Join Date: Apr 2009
Location: New Rochelle, NY
Bikes: too many bikes from 1967 10s (5x2)Frejus to a Sumitomo Ti/Chorus aluminum 10s (10x2), plus one non-susp mtn bike I use as my commuter
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Even if a QR is adjusted well, there can be slippage if the axle cannot bite into the frame (friction alone isn't enough). If you look at any of the better hubs, especially from the horizontal dropout era, they were all made so the locknut was serrated, or were concave leaving only a thin circular rim (foot), which could cut into the frame.
It's the quality of the dentation of these older designs that made them hold so well, but later on people started using softer materials on axles, while at the same time dropouts got harder, and many hubs today cannot hold securely enough against high chain tension. Many blame the Alloy headed external cam skewers of the eras, and these didn't help but it's the failure of the axle to bite that's the issue.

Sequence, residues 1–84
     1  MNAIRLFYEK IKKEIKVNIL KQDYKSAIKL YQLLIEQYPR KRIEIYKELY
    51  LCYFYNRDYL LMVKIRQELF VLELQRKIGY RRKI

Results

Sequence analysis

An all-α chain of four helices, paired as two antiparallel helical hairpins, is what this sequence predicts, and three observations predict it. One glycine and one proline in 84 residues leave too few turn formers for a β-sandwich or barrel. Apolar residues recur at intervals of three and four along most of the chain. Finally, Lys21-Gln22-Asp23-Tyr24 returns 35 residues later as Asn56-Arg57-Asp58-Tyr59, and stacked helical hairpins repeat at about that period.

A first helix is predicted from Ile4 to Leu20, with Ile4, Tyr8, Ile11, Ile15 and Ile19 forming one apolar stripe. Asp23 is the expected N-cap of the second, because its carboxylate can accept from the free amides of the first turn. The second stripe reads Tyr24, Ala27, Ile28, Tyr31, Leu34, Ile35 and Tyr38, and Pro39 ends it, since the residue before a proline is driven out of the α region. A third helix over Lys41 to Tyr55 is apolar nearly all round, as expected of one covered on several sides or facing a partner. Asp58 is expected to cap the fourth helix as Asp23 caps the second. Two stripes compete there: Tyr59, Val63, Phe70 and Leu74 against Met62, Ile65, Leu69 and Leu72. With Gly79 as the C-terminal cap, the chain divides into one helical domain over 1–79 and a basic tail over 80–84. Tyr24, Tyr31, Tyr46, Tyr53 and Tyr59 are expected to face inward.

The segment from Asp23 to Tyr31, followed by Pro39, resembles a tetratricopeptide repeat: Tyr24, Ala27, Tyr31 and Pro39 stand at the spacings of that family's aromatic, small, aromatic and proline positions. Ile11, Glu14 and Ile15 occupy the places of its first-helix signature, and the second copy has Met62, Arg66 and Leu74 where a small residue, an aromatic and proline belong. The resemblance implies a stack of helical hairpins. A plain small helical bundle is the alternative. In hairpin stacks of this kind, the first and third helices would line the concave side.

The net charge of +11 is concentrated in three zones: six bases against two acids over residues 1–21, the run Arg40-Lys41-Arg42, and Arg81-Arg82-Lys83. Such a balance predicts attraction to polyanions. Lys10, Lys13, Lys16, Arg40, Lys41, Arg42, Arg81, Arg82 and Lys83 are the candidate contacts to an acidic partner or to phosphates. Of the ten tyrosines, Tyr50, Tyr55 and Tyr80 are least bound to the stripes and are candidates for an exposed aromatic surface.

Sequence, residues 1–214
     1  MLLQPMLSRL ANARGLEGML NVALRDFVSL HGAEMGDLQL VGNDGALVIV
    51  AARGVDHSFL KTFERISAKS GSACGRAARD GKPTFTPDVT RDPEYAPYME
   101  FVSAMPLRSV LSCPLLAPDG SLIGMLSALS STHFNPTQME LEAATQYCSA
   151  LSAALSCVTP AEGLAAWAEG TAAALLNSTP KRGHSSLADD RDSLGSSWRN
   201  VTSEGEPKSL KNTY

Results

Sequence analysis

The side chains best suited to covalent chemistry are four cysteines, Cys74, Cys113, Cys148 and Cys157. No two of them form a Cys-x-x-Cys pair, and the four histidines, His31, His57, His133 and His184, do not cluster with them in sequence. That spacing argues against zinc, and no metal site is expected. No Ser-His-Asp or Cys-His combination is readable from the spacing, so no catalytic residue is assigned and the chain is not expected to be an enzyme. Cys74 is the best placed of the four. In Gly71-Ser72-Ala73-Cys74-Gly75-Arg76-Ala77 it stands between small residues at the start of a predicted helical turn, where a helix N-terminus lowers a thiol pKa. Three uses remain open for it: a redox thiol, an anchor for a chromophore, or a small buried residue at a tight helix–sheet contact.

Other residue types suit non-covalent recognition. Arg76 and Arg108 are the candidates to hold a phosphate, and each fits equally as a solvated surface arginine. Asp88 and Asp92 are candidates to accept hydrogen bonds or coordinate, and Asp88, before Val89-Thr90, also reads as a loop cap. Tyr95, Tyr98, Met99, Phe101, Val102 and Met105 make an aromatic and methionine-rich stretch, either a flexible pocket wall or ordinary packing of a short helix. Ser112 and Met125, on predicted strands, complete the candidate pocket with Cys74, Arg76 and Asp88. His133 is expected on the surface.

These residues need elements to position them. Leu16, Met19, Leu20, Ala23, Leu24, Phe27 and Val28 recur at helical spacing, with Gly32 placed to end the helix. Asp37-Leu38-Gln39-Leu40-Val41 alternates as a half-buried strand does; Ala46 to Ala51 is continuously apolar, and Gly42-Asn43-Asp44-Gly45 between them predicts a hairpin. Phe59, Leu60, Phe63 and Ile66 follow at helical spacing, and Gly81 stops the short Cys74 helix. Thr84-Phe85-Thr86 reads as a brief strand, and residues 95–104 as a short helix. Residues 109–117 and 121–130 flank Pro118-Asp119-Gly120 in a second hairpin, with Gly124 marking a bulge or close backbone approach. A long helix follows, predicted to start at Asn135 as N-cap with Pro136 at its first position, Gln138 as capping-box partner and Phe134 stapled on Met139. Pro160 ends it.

Usually when I hear of slippage, I see a frame with nice pretty dropouts, whereas the dropouts on top of the line older bikes like they were used as pull toys for a pit bull.
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